Retable or reredos oftRQflflE

carved wood or sculptured JLOgggjaaj ar ^ilJ? X

stone, painted and gilded. |Cj5nj2i ws^jl VXA^^VjL/lmt^

yMiBwr 'ft* li^wAryTwi ia-i

In the case of high altars ' ^^MEjto^^Mfrn^AJjMfcflffi lv^ jf L i'Vt V V

this reredos often occupied mf%£ThAJMBjMyiTf the full height and width of the chancel.1 Side altars were also placed in the nave or aisles, as at Ranworth, and sometimes on the rood loft. These subsidiary altars were usually dedicated to particular saints, and, unlike the high altar, they were enriched and maintained at the expense of the parishioners.

The reredos was some

1 As in some of the Oxford HI-


times in the form of a triptych, with central and hinged side panels which could be folded back or closed. Of Gothic painted super-altars very few have survived. The triptych form was more usual in the churches of Italy and Germany than in England.

The coloured frontispiece to this volume shows a fragment of a coloured retable of the last years of the fourteenth century, now preserved in Norwich Cathedral. It was discovered in 1847, it is said, with its face downwards, in use as the top of a table. It was owing to the efforts of the Norfolk and Norwich Archaeological Society that it was rescued and preserved, although in a deplorably mutilated and incomplete state.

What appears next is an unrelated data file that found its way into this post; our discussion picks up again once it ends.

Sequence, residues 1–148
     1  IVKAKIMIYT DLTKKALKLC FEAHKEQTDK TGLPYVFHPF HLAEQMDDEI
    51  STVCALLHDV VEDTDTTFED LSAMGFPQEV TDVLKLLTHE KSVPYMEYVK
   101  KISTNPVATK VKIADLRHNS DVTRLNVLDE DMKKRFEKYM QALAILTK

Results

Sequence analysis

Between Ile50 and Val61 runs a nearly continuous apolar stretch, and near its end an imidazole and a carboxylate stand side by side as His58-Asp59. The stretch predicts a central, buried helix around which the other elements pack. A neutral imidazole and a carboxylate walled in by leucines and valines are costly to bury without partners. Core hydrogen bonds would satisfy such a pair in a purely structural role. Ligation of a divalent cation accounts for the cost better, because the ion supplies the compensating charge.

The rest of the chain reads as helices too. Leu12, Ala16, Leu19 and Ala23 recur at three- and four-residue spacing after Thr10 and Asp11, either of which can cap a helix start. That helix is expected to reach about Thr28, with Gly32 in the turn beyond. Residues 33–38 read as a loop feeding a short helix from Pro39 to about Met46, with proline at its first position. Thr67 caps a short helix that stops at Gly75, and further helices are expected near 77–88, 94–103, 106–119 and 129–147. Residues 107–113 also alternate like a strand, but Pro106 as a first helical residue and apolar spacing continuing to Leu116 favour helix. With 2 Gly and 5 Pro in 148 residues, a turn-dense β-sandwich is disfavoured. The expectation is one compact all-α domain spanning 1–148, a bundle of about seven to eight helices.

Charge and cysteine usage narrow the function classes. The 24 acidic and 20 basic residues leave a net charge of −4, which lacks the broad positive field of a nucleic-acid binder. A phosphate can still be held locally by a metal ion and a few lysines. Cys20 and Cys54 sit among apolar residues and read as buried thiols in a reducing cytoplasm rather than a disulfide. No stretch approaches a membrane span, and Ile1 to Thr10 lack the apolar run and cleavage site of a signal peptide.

Originally, this super-altar was formed by five horizontal boards of quartered oak, three-quarters of an inch in thickness, with an applied moulded framework, fastened with pegs. The five panels were formed by four vertical moulded mullions, mitred at the intersections, of which only one remains. In the five panels, on a carefullv prepared ground of gilded and finely patterned gesso, are shown (1) The Scourging

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